Hebrews – Back to Elementary School

My Elementary School class photo

I hate math. I always have and I always will. I know it’s important to a functional society, but it has always been a huge struggle for me. I have a word-brain, not a numbers-brain – and whose bright idea was it to put letters in numerical equations?  I cried my way through math homework, from first grade through college. My math pre-test was so poor I had to take two “remedial” math courses before I got to the one that actually counted toward my grade. I had to go back to the basics – addition, subtraction, multiplication, and division – before I could move on to College Algebra.

When the author of Hebrews wrote about the lack of spiritual development among his readers, he said, “Let us leave the elementary teachings about Christ and go on to maturity” (6:1). Just as I had to relearn elementary math, they had to relearn some basic stuff about the Christian faith. So what were these elementary, foundational teachings? “repentance from acts that lead to death, and of faith in God, the laying on of hands, the resurrection of the dead, and eternal judgment” (6:1-2). I dare say that believers in the modern era don’t even grasp these “elementary” concepts of the faith. For contemporary Western Christians, the basics are things like, “Jesus loves me,” having devotional time a few days a week, learning about disconnected Bible stories, and showing up at church at least two Sundays of the month (at least we’re not Chreasters, right?). We only want to know about how God desires to bless us and how just much we can flirt with sin and still take the Lord’s Supper. If verses 1-2 are describing “elementary truths,” then our churches are filled with toddlers today.  If those subjects are spiritual “milk” then it’s no wonder the 21st Century church is dangerously malnourished.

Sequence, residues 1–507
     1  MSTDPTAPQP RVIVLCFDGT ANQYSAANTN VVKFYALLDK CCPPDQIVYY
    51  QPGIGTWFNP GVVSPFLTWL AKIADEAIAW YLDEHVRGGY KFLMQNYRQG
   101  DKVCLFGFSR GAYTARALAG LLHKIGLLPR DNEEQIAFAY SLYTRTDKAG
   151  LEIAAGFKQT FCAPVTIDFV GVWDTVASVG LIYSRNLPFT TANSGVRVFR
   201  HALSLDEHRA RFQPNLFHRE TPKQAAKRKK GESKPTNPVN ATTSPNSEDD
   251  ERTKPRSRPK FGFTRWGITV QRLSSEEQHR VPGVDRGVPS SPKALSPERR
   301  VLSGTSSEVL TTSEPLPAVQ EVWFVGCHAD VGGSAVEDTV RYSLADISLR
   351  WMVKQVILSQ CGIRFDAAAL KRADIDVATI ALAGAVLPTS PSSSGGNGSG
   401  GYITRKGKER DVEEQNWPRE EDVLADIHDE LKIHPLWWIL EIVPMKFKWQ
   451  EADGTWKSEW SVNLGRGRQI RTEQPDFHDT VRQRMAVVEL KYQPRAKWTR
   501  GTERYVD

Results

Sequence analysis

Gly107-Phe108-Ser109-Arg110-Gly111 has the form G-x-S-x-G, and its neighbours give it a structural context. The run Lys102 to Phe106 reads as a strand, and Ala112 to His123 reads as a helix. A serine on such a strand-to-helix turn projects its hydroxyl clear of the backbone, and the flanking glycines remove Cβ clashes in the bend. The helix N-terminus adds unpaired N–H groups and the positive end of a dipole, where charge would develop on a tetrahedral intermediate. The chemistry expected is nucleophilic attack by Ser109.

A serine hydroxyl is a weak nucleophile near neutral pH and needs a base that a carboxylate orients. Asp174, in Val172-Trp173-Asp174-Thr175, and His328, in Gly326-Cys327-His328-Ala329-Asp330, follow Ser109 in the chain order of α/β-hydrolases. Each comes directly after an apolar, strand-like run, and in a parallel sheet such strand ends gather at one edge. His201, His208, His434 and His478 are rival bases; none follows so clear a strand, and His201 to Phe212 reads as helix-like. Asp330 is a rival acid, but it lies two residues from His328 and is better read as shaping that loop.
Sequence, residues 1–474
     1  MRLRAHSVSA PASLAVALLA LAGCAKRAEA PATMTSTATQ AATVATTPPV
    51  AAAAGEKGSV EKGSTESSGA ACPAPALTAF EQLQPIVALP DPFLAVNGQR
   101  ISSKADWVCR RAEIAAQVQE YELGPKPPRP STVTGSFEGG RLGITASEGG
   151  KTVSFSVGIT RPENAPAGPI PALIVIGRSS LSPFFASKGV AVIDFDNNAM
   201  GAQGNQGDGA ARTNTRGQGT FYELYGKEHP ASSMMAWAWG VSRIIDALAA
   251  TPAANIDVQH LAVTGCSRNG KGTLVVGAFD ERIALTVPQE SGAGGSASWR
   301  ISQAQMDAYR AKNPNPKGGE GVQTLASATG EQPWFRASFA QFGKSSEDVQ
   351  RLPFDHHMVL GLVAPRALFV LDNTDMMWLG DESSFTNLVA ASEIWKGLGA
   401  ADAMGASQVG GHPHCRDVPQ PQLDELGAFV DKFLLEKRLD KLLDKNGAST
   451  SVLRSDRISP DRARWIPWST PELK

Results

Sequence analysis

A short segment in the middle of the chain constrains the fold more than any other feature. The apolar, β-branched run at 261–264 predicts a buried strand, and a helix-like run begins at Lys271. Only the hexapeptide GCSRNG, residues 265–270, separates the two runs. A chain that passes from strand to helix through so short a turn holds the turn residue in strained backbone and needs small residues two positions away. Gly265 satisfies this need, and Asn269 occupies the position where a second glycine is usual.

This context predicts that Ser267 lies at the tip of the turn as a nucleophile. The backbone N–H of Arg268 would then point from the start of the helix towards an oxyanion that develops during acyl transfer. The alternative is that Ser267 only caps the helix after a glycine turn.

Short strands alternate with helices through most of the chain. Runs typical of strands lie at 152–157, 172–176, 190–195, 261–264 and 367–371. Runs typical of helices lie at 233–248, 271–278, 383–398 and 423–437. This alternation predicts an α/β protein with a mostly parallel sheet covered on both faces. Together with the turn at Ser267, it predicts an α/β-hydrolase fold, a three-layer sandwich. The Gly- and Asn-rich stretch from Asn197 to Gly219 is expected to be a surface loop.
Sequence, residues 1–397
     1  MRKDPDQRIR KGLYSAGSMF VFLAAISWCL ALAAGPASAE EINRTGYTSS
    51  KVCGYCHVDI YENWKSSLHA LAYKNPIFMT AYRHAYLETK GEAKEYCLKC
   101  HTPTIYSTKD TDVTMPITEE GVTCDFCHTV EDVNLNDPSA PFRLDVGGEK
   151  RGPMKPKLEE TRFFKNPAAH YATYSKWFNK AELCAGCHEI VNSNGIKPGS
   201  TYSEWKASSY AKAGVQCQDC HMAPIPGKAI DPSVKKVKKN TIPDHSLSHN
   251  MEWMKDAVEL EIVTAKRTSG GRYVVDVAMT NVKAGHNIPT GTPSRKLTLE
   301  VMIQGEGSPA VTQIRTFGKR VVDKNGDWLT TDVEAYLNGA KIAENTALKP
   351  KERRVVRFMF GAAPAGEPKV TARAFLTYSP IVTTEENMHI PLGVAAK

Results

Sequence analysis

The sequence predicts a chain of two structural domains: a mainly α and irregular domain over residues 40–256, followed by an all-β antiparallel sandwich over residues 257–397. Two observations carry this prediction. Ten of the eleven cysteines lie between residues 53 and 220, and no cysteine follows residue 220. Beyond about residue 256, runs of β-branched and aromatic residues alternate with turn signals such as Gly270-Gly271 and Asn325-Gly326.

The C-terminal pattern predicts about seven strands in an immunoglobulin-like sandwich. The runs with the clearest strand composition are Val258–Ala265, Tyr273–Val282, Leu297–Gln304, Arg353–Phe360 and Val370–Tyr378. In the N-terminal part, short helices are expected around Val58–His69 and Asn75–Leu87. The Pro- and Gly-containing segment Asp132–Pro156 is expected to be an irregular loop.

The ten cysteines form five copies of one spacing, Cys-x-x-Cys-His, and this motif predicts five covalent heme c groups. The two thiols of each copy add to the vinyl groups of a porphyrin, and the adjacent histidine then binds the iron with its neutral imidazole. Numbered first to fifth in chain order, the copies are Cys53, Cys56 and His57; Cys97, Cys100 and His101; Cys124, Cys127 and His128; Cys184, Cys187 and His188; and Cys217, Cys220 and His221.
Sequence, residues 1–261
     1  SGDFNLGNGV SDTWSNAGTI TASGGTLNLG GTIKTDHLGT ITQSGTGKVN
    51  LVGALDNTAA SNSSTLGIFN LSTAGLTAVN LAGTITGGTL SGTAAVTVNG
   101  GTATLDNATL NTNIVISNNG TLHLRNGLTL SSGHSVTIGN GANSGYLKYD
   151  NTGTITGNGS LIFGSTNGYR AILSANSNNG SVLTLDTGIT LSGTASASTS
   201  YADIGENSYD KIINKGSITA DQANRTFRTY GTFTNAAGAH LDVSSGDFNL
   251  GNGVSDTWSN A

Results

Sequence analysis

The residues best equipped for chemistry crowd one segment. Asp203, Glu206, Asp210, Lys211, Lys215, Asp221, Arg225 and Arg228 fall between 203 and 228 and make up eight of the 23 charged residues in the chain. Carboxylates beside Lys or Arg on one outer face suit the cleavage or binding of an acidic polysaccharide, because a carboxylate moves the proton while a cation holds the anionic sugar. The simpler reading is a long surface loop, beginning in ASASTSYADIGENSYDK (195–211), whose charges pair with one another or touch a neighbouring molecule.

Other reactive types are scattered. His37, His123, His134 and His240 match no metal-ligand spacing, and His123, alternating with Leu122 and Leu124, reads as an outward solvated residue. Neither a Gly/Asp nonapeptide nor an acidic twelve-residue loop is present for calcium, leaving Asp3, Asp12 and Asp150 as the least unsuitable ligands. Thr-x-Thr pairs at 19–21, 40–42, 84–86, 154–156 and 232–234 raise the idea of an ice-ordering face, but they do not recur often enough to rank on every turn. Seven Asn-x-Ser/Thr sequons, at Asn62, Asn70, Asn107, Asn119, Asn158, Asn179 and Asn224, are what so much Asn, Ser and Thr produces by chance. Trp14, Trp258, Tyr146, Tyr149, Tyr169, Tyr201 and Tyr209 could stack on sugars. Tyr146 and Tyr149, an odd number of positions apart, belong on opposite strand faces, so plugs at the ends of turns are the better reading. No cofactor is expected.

The writer has said, “Let us leave the elementary teachings . . . and go on to maturity. And God permitting, we will do so.” (v. 1,3). Oh, Beloved, God permits. It is His desire for us to be mature and complete – which the Greek renders as “perfect” – in our faith. But before we can get there, we have to start here, in elementary school. Over the next few devotionals, we will fill our cups with milk and try to grow up in Christ.

Little by Little

“Being confident of this, that He who began a good work in you will carry it on to completion until the day of Christ Jesus.”  Philippians 1:6

I am leaving this morning with a group of ladies to a Christian Women’s Conference, with a powerful and godly speaker and a wonderful worship music.  Two days of Christian fellowship, singing, hearing the Word, and no kid or hubby.  I am looking forward to this like a thirsty man in a desert looks forward to a refreshing spring.  I have been blessed to attend many of these conferences over the years, but I confess I have not always gotten what I had hoped out of them.

For many years I approached every conference with the same thought, “This one will change me for good!”  I would go with my journal ready to write down some life-altering truth that would finally “fix” everything in me that was broken.  I knew I would come home so filled with the Spirit that my family, friends, co-workers, even my cat would notice the new me.  And I did hear powerful truths and receive wonderful messages from the Lord.  The praise and worship music would wash over me and cleanse so much of the bitterness and anxiety from my heart.